I’m using the OOL Surveys dataset and I’m interested in the association between union membership and political participation in the US (more specifically, between union membership at the household level and having engaged in at least one out of four forms of political participation over the past 2 years).

In the current assignment, we’re asked to run a chi square test of independence to figure out whether two categorical variables are related. If the outcome is significant *and* the explanatory variable has more than two levels, we’re required to carry out and interpret a post-hoc test. This would mean carrying out comparisons between all pairs of categories for the explanatory variable and dividing the required significance level (for example, 0.05) by the number of comparisons.

I’m in a bit of luck this time. First, my original research question concerns the relation between two categorical variables, so there’s no need to recode quantitative variables to categorical ones or to look for other variables. Second, my explanatory variable has only two levels (respondents either do or don’t have a union member in their household), so there’s no need to do a post-hoc test.

The entire Python script for my analysis can be found here. Here’s an excerpt from the script:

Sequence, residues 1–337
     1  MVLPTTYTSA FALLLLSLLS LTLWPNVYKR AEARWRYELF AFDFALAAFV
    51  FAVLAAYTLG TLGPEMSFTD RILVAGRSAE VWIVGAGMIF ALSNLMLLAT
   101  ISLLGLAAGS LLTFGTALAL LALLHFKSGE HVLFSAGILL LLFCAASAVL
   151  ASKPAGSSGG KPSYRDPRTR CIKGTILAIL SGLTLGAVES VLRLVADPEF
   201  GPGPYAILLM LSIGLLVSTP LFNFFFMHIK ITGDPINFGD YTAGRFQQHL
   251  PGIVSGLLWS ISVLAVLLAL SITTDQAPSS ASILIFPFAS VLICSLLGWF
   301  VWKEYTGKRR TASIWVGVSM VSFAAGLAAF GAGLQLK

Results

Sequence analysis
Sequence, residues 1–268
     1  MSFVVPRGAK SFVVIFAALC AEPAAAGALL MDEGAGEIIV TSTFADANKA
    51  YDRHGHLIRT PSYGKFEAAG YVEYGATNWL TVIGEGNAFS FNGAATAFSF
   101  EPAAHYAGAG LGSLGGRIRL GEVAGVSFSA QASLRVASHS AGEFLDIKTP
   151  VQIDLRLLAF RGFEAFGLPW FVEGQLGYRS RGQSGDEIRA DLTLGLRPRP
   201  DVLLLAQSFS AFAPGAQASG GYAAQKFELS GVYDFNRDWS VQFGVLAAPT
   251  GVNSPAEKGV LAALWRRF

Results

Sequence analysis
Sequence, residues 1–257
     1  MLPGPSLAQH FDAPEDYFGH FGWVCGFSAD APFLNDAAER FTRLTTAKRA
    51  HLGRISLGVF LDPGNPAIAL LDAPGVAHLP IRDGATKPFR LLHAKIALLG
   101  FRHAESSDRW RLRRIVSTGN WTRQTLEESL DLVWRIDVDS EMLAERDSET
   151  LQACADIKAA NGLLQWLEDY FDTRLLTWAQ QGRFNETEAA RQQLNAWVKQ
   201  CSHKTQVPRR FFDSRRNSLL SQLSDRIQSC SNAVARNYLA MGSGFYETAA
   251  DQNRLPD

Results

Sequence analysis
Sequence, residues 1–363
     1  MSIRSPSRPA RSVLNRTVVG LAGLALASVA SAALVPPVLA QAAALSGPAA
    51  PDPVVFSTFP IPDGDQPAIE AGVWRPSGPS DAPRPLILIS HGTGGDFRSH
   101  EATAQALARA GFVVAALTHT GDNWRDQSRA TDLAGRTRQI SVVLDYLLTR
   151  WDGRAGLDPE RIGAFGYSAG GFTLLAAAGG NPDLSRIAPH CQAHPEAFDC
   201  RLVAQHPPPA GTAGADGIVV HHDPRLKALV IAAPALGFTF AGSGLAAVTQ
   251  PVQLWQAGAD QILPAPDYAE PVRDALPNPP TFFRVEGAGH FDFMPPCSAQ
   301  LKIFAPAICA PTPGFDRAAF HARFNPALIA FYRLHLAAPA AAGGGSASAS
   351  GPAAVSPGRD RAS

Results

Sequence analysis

# contingency table of observed counts ct1=pandas.crosstab(sub2['ANY'], sub2['W1_P8']) print (ct1) print() # column percentages colsum=ct1.sum(axis=0) colpct=100*ct1/colsum print(colpct) print () # chi-square print ('chi-square value, p value, expected counts') cs1= scipy.stats.chi2_contingency(ct1) print (cs1)

And here’s the relevant output:

W1_P8 No Yes ANY No 445 89 Yes 365 125 W1_P8 No Yes ANY No 54.938272 41.588785 Yes 45.061728 58.411215 chi-square value, p value, expected counts (11.559955638910083, 0.00067387460877846761, 1, array([[ 422.40234375, 111.59765625], [ 387.59765625, 102.40234375]]))

Among respondents with union members in their household, the percentage who have engaged in political participation is higher (58%) than among other respondents (45%). There are 125 participants who have a union member in their household and who have engaged in political participation; had there been no relation between the two variables a lower number (102) were to be expected. For other answer categories, the observed values also differ from the values that were to be expected if there were no relation between the variables.

The chi square value is 11.6 and the p-value < 0.001. In other words, the outcome of the test is that there is indeed a significant relation between union membership (at household level) and political participation.